This is America’s most fun city right now – here’s why

The Sunday Times

Memphis has long been the plucky underdog of American cities, and it’s the kind of place that first-timers to the US tend to overlook. But speak to seasoned travellers who have visited this spot in southwest Tennessee — often as a harmonious pitstop between the honky-tonks of Nashville and jazz joints of New Orleans — and they’ll talk fondly of return visits, lured by the heady combination of blues, barbecue and a laid-back attitude that permeates the coolest music city in the country.

While its greatest hits — including the Graceland mansion where Elvis Presley lived and the National Civil Rights Museum — are certainly worth visiting, be sure to also make time for the lesser-known attractions of Bluff City, as Memphis is also known. Explore the mural-clad South Main neighbourhood, a forerunner for the recent renaissance of the city, before getting all shook up with a sleepover in the bedroom where Elvis slept as a teenager. January, May and August bustle with Elvis and barbecue festivals, so swerve these months if you’re seeking cheaper hotel rooms; alternatively, book early to join the hip-swivelling, finger-licking celebrations.

Day one

• Morning: meet the ducks at the Peabody hotel
• Eat at: Arcade Restaurant
• Afternoon: National Civil Rights Museum
• Drink at: Earnestine & Hazel’s
• Evening: Tom Lee Park
• Eat at: Central BBQ

Day Two

• Morning: see the Reverend Al Green
• Eat at: Beauty Shop Restaurant
• Afternoon: Graceland
• Drink at: Tiger and Peacock
• Evening: Sun Studio
• Eat at: Crosstown Concourse

What to do

Since 1940 a flock of ducks have paraded daily through the lobby of the Peabody

Since 1940 a flock of ducks have paraded daily through the lobby of the Peabody

Start the day in the beating heart of downtown Memphis at the Peabody. Since 1940 a flock of ducks have paraded daily through the lobby of this hotel at 11am (and 5pm). This Memphis curiosity is a spectacle to behold, involving the unfurling of a plush red carpet and a theatrical ceremony conducted by the official “duck master” (free;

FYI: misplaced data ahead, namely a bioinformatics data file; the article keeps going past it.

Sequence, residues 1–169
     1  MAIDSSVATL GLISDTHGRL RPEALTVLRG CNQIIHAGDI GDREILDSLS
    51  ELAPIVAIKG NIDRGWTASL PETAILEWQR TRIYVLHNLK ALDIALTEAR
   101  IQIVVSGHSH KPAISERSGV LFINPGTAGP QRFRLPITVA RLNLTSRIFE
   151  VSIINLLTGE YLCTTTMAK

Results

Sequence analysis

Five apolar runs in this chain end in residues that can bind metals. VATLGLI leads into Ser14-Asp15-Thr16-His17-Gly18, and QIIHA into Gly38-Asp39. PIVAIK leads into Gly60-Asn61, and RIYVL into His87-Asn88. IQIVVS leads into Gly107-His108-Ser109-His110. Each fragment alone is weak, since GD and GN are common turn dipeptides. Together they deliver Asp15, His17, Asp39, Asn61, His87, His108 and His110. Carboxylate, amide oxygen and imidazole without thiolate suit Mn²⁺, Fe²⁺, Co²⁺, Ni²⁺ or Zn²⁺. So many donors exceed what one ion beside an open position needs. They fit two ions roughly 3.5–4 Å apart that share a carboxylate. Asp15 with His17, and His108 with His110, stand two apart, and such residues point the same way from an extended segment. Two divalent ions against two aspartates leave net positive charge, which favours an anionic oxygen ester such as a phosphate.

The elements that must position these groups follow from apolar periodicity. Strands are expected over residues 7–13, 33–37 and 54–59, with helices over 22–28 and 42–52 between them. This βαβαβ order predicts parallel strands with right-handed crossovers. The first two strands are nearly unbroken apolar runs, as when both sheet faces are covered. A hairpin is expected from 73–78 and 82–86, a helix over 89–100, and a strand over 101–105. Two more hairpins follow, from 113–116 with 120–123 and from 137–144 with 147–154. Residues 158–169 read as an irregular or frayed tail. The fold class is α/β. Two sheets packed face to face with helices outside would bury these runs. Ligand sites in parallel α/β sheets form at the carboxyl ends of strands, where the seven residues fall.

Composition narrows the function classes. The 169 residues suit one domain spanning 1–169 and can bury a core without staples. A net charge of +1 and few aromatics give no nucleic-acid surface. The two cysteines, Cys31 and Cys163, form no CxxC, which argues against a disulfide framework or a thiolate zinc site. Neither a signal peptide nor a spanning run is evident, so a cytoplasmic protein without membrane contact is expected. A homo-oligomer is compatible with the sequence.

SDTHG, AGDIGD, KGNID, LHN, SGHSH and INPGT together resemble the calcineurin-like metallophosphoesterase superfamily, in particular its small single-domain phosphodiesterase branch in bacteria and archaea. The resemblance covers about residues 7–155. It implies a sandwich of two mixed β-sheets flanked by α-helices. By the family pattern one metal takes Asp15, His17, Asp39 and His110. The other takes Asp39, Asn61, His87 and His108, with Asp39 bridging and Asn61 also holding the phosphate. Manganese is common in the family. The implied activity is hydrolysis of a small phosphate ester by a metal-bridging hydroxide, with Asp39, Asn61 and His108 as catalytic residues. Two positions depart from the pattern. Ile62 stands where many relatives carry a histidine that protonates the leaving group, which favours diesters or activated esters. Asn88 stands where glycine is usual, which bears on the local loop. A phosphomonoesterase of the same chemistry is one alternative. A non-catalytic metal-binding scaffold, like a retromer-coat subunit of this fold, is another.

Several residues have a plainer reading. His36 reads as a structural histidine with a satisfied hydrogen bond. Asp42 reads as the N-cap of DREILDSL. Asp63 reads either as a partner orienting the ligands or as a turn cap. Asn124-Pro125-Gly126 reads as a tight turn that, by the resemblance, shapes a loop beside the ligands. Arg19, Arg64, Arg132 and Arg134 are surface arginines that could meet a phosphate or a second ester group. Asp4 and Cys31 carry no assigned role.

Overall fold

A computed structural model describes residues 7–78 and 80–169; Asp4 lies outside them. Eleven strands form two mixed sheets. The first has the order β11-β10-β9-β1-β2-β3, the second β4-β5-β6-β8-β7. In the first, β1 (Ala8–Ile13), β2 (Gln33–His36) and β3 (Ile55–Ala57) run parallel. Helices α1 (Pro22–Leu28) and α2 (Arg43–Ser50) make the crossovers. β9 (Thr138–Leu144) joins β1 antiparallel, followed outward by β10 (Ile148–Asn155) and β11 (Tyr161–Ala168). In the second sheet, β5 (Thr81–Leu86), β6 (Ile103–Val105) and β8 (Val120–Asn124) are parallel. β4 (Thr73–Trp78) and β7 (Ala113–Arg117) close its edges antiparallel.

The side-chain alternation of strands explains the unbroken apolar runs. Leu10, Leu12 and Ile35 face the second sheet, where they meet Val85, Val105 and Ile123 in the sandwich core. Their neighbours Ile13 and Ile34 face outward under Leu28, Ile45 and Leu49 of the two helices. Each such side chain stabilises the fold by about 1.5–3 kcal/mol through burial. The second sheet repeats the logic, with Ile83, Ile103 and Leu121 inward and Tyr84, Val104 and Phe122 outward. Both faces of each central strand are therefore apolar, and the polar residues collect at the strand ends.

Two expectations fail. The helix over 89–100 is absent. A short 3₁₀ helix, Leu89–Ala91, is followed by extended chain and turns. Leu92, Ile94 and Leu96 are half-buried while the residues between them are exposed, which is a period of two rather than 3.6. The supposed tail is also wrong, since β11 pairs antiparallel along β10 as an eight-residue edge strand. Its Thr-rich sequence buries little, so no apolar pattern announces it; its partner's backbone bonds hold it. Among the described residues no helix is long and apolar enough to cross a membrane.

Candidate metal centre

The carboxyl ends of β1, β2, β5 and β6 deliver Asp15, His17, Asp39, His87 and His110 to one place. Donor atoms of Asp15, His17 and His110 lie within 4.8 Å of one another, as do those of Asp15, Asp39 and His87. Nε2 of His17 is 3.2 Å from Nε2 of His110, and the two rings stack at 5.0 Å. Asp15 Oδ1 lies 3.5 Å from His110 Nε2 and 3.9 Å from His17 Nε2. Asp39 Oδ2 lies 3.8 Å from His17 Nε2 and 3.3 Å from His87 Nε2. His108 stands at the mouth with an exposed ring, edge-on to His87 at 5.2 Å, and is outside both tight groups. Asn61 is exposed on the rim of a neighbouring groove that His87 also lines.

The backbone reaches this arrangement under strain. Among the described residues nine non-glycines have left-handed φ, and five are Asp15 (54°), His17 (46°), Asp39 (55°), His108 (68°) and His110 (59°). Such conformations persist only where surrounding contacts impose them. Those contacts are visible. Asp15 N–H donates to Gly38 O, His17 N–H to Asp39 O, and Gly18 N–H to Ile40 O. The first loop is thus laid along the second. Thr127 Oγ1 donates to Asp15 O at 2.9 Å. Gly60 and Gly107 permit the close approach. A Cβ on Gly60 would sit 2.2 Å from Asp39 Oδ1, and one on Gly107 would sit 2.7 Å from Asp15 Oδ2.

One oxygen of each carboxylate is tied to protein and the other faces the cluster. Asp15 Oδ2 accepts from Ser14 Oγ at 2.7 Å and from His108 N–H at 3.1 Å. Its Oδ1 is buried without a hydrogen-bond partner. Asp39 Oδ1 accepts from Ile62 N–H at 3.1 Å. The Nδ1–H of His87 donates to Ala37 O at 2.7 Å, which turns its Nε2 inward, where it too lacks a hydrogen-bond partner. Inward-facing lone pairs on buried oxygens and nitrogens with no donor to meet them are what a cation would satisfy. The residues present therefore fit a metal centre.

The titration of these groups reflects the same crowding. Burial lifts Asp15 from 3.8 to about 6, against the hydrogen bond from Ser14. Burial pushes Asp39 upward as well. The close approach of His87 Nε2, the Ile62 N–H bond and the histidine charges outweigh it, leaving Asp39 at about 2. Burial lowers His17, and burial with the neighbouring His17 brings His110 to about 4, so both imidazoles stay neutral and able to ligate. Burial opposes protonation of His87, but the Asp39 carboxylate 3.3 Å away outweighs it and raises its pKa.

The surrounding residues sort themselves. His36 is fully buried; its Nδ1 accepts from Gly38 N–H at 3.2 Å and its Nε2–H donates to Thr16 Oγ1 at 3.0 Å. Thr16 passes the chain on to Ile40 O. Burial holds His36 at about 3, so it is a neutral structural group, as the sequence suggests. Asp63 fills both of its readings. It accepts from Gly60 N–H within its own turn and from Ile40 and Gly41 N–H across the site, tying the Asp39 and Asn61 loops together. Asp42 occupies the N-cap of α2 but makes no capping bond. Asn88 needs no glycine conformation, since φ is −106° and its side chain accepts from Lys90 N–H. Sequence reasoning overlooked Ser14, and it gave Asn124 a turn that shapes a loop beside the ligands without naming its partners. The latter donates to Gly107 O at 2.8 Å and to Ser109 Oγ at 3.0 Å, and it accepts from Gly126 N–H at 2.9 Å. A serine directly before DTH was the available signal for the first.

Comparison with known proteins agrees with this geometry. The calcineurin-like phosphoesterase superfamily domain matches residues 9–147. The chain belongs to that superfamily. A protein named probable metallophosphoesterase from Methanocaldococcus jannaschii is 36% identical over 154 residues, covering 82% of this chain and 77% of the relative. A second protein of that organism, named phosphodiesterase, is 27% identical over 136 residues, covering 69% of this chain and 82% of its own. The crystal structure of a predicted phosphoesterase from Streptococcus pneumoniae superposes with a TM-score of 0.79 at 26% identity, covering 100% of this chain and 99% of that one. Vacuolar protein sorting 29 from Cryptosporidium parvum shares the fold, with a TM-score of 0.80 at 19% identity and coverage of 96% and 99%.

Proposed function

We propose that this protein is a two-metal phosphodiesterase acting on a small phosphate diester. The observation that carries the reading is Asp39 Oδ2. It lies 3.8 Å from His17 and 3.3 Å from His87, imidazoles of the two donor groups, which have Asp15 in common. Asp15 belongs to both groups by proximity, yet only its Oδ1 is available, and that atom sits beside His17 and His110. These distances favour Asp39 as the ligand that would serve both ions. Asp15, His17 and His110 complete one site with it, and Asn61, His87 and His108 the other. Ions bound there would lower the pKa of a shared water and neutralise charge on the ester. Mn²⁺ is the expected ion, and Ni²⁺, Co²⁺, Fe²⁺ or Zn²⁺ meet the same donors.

Just around the corner from the Arcade is the National Civil Rights Museum, at the site of the Lorraine Motel, where Martin Luther King Jr was assassinated in 1968. It’s a powerful museum that chronicles the movement through interactive exhibits, including a replica of the lunch counters where non-violent sit-ins occurred in the Sixties (£16;

The Montgomery bus boycott display in the National Civil Rights Museum

The Montgomery bus boycott display in the National Civil Rights Museum

Wander the leafy delights of Tom Lee Park, which — after a £48 million revamp — has unlocked the Memphis waterfront to epic views of the mighty Mississippi River. It is open daily until 10pm (free;

Visiting Memphis on a Sunday? Then you’re in luck, as the Reverend Al Green — yes, the soul-singing legend — can often be found leading a rousing service at his Full Gospel Tabernacle Church in Whitehaven, on the southern edge of the city (free).

Elvis Presley’s mansion, Graceland

Elvis Presley’s mansion, Graceland

Pay your respects to the King of Rock’n’Roll at his fabulous, maximalist mansion. Those who haven’t visited Graceland for a few years are in for a treat, as a vast complex of permanent exhibits — including a bedazzlement of sparkling jumpsuits — have sprung forth at Elvis’s playful palace (tour £65;

Swing by Sun Studio, the birthplace of rock’n’roll. This dinky hit factory launched the careers of legends including Elvis, BB King and Johnny Cash. Stand in the atmospheric recording room where history was made and get a lip-curling photo with Elvis’s original chrome microphone (£16;


• 8 best things to do in the Deep South
• 12 of the best US road trips

Where to eat and drink

Arcade Restaurant
It’s a scenic 20-minute stroll through the historic South Main district from the Peabody to Arcade Restaurant, or hop on the tram to arrive in style, whistle a-blowing. Once inside the pastel-hued diner, lovingly preserved in all its mid-century glory, ask to be seated in the Elvis booth — the exact spot where the young rockabilly would devour peanut butter and banana sandwiches (mains from £8;